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All this while, what favors did Fortune shower upon Alexander but what he merited, what he sweat for, what he bled for? What came gratis? What without the price [p. 507] of great achievements and illustrious actions? He quenched his thirst in rivers mixed with blood; he marched over bridges of slain carcasses; he grazed the fields to satisfy his present hunger; he dug his way to nations covered with snow and cities lying under ground; he made the hostile sea submit to his fleets; and, marching over the thirsty and barren sands of the Gedrosians and Arachosians, he discovered green at sea before he saw it at land. So that if I might use the same liberty of speech for Alexander to Fortune as to a man, I would thus expostulate with her:—

“Insulting Fortune, when and where didst thou make an easy way for Alexander's vast performances? What impregnable rock was ever surrendered to him without a bloody assault, by thy favor? What city didst thou ever deliver unguarded into his hands? Or what unarmed battalion of men? What faint-hearted prince, what negligent captain, or sleepy sentinels did he ever surprise? When didst thou ever befriend him with so much as a fordable river, a mild winter, or an easy summer? Get thee to Antiochus the son of Seleucus, to Artaxerxes the brother of Cyrus. Get thee to Ptolemy Philadelphus. Their fathers proclaimed them kings in their own lifetime; they won battles which no mothers wept for; they spent their days in festivals, admiring the pomp of shows and theatres; and still more happy, they prolonged their reigns till scarce their feeble hands could wield their sceptres. But if nothing else, behold the body of Alexander wounded by the enemy, mangled, battered, bruised, from the crown of his head to the soles of his feet,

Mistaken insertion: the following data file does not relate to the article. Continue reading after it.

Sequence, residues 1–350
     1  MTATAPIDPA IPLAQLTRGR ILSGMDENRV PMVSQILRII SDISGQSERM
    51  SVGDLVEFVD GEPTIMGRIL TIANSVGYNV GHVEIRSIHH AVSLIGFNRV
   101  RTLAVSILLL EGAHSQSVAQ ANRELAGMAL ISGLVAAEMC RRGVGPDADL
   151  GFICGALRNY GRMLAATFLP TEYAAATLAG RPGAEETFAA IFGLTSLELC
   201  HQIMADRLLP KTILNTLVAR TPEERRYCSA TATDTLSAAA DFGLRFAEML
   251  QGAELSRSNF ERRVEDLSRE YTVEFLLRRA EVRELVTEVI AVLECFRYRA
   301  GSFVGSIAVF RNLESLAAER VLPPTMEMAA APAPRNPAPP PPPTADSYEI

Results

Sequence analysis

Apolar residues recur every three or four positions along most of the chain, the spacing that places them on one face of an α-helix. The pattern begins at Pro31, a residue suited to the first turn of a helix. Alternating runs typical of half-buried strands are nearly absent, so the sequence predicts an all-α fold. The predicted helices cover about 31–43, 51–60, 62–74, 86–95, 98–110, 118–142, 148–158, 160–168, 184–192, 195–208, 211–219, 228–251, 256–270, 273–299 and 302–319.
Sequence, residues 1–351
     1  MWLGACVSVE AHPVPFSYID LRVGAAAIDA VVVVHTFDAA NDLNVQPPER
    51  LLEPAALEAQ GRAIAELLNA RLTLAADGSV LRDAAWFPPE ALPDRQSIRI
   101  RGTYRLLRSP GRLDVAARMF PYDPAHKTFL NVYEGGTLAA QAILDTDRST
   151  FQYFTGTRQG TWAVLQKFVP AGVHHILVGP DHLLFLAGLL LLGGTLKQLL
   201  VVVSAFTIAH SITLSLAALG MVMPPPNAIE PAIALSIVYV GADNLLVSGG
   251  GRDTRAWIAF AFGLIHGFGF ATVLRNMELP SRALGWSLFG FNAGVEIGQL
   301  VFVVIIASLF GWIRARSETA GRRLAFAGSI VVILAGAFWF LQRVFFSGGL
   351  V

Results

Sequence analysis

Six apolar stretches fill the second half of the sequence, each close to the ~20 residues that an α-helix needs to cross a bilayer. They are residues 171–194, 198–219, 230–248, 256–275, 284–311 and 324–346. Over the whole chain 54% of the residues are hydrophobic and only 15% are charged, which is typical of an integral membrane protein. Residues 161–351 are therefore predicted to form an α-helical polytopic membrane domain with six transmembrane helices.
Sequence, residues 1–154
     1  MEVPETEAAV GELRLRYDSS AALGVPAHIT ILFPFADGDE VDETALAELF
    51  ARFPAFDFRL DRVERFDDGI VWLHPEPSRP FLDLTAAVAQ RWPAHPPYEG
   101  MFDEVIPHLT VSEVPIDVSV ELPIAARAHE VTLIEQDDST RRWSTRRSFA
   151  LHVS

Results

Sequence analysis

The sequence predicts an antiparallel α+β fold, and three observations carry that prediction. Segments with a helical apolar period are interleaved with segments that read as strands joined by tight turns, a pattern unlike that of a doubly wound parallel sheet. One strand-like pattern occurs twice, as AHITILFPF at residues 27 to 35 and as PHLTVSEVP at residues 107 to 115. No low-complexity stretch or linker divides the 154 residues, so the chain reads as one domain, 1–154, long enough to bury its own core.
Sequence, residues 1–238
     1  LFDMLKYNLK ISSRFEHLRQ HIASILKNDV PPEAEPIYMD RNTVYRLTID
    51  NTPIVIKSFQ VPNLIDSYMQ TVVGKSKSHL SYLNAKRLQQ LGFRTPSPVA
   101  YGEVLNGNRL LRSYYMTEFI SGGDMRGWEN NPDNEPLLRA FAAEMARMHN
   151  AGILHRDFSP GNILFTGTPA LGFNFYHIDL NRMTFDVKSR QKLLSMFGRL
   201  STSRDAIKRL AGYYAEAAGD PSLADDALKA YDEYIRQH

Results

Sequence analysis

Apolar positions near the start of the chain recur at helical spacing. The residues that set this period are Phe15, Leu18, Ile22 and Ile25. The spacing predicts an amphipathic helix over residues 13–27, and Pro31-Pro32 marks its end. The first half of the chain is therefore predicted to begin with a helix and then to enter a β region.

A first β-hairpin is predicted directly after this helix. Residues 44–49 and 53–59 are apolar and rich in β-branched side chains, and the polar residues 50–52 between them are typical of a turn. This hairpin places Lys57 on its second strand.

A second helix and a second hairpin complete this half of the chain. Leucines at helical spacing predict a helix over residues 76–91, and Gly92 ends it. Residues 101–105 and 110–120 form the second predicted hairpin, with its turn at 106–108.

With spears, and swords, and mighty stones.
At the battle of the Granicus his helmet was cleft to his very scull; at Gaza he was wounded in the shoulder with [p. 508] a dart. Among the Maragandi he was shot in the shin so desperately, that the bone of his shank was broken and started out of the skin. In Hyrcania he was struck in the neck with a stone, which caused such a dimness in his eyes that for many days he was in danger of losing his sight. Among the Assaracans he was wounded in the heel with an Indian dart; at which time he thus derided his flatterers with a smiling countenance, saying, This is blood, and no immortal ichor,—
Such stream as issues from a wounded God.
At Issus he was run through the thigh with a sword by Darius (as Chares relates), who encountered him hand to hand. Alexander also himself, writing the truth with all sincerity to Antipater, said, It was my fortune to be wounded with a poniard in the thigh, but no ill symptoms attended it either when it was newly done or afterwards during the cure. Another time, among the Malli he was wounded with an arrow two cubits in length, that went in at his breast and came out at his neck, as Aristobulus relates. Crossing the Tanais against the Scythians and winning the field, he pursued the flying enemy a hundred and fifty furlongs, though at the same time laboring with a dysentery.

1 Il. XI. 265.

2 Il. V. 340.

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